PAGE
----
Have you ever seen a Service Dog at work out in public? Did you watch the dog lie down next to or underneath his seated owner for long periods of time, perhaps even hours? Did you watch the dog, as he resisted the urge to get up when other people or dogs walked by? Such high levels of training are always impressive to behold. Your dog may not be an aspiring Service Dog, but chances are your German Shepherd will need to know the 'down' command for many things.
'Down' has many practical purposes. If you would like to take your German Shepherd with you to outdoor restaurants and coffee shops, then your dog will need to know how to lie down calmly. If you would like for your dog to relax and to leave your house guests alone, then you could simply tell your dog to "down". If you would like to progress in the American Kennel Club's Obedience Trials, then your Shepherd will need to know the 'down' command. If you would like for your dog to become certified as a Canine Good Citizen or a Therapy Dog, then he will also need to know it. Not to mention all of the everyday situations, like car rides and family meals, when you need to be able to tell your German Shepherd "down" for his, or your own, convenience or safety.
In addition to being a practical command, 'down' is also a great command to teach to your German Shepherd to help him build his self-control and patience. 'Down' can be a great command to utilize when your dog is reacting to something in an inappropriate way and needs to be told what to do instead. Since 'down' is a submissive position and complying requires trust in you on your German Shepherd's part, it can be a great command to practice if respect is an issue, without having to be too confrontational toward your dog.
If your dog has ever shown any form of aggression or has ever given you any reason to believe he would bite, then do not attempt to teach this command on your own. Instead, seek out the help of a professional dog trainer or animal behaviorist in your area, with experience in dealing with aggression. Because 'down' is a submissive position, an aggressive dog is more likely to bite if he is asked to get into this position. Of the three methods, the 'Leash Pressure' method is the most confrontational, so do not use that method with an aggressive dog or with a dog that is fearful of people.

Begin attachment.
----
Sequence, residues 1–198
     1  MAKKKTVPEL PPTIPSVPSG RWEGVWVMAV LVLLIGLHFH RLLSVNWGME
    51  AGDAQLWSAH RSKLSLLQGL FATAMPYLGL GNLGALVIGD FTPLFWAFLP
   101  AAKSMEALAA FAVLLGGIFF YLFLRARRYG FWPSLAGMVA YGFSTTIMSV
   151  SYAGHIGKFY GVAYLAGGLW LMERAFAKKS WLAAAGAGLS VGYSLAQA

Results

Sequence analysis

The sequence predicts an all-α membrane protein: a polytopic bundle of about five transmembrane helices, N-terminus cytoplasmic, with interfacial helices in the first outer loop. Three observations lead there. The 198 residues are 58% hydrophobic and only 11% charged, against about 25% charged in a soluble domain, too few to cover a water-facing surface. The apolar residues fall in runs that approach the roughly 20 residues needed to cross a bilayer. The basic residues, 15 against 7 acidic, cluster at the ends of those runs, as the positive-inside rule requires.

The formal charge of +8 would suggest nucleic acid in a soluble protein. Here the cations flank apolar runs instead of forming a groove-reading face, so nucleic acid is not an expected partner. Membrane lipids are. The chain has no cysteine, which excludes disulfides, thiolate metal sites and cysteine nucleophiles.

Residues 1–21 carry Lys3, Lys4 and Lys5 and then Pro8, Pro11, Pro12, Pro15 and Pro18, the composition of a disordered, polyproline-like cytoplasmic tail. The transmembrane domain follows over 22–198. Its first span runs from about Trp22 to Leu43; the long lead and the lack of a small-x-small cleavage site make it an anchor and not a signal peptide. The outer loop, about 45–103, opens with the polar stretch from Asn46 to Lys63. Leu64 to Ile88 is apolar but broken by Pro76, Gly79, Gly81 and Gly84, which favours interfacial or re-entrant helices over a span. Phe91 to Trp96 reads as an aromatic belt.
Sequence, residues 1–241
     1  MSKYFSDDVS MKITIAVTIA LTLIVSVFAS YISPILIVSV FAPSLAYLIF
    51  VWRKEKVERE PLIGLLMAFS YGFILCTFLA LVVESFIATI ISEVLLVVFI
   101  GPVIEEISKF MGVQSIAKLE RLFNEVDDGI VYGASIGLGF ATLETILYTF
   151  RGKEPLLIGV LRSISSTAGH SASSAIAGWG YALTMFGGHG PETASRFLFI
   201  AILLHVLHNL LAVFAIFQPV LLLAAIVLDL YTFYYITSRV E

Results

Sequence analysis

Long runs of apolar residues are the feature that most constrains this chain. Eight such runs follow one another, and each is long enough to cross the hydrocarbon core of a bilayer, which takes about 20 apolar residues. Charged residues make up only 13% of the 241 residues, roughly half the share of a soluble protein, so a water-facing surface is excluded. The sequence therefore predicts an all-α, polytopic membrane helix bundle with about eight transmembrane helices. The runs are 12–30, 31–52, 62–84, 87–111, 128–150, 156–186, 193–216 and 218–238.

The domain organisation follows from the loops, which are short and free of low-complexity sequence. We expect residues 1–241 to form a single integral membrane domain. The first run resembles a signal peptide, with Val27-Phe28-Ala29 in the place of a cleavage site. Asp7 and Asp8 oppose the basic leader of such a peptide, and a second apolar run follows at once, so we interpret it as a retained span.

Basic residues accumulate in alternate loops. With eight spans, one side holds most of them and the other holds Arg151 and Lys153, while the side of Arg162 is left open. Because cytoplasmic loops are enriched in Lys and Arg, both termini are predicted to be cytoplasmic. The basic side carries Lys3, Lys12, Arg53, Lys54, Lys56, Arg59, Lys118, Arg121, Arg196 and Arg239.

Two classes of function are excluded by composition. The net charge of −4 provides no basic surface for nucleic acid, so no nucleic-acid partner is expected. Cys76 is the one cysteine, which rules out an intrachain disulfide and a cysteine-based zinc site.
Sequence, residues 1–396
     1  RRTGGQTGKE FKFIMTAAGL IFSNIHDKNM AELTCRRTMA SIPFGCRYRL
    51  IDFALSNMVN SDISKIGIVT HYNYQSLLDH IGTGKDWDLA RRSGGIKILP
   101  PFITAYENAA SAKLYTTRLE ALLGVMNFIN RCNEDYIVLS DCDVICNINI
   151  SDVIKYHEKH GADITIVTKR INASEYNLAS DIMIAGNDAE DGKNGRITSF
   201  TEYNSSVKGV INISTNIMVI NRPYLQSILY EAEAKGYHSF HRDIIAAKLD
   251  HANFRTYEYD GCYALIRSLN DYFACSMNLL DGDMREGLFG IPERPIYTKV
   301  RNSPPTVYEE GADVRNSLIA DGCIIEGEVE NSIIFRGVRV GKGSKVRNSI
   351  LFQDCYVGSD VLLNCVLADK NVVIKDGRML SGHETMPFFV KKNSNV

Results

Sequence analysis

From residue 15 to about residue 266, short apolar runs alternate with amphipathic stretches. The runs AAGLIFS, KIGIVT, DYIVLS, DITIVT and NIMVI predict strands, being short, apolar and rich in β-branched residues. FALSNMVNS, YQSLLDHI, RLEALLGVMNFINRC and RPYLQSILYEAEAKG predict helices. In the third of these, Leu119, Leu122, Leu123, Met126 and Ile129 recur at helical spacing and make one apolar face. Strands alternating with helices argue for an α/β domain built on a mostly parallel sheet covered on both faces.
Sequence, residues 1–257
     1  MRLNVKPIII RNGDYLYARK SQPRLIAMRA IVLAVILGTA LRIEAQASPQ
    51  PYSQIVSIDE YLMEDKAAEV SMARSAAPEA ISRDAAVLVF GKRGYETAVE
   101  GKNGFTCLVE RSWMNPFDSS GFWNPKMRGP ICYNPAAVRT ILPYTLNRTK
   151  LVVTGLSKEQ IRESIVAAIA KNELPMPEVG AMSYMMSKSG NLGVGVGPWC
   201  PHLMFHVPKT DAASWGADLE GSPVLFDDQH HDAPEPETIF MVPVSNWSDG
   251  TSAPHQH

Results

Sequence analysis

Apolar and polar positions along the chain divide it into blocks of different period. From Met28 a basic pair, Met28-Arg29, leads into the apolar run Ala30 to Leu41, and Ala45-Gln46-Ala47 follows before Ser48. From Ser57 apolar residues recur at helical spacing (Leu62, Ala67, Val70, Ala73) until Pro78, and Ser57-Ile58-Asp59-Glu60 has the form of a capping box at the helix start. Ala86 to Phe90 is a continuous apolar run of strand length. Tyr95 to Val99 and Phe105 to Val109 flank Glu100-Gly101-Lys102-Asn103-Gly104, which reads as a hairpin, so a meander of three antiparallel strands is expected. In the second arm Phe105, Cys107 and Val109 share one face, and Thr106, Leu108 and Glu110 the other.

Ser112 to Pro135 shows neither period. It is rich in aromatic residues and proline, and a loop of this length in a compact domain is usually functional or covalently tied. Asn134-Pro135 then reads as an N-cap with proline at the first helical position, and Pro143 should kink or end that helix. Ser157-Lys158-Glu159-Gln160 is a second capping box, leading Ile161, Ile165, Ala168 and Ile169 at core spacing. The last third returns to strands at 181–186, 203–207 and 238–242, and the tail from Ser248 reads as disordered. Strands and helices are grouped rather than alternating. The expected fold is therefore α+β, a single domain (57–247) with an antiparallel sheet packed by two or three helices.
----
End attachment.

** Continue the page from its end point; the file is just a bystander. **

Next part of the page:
Many dogs will resist the 'down' position the first time that you attempt to have them do it. If your dog resists the first time, then simply be patient and persistent. It may take your dog thirty minutes or more to lie down at first, do not force him, simply wait him out. As the training progresses, his resistance should quickly disappear when he discovers that the 'down' position will be rewarded and that he is safe with you while in that position. Many dogs will even begin to offer the 'down' position when not told to, in hopes of receiving a reward. If you wish to teach your dog to 'stay, you can utilize that type of enthusiasm by rewarding your dog with treats for staying in the down position for long periods of time. This will build a great foundation for teaching the 'stay' command later on.
To get started you will need lots of small, tasty treats. If your dog is very food motivated then you can use your dog's own dog food in place of the treats. If you are using the 'Treat Luring' method then the training will go faster if your dog already knows the 'sit' command. If you are using the 'Capture' method then you will also need a small Ziploc bag or treat pouch, to place your treats in to keep them with you. You will also need attentiveness and patience. If you are using the 'Leash Pressure' method, you will also need a six-foot leash, a collar that your dog cannot slip out of, and physical and mental perseverance. With all of the methods you will need a calm attitude, patience, and the willingness to communicate to your dog when you are proud of him for succeeding.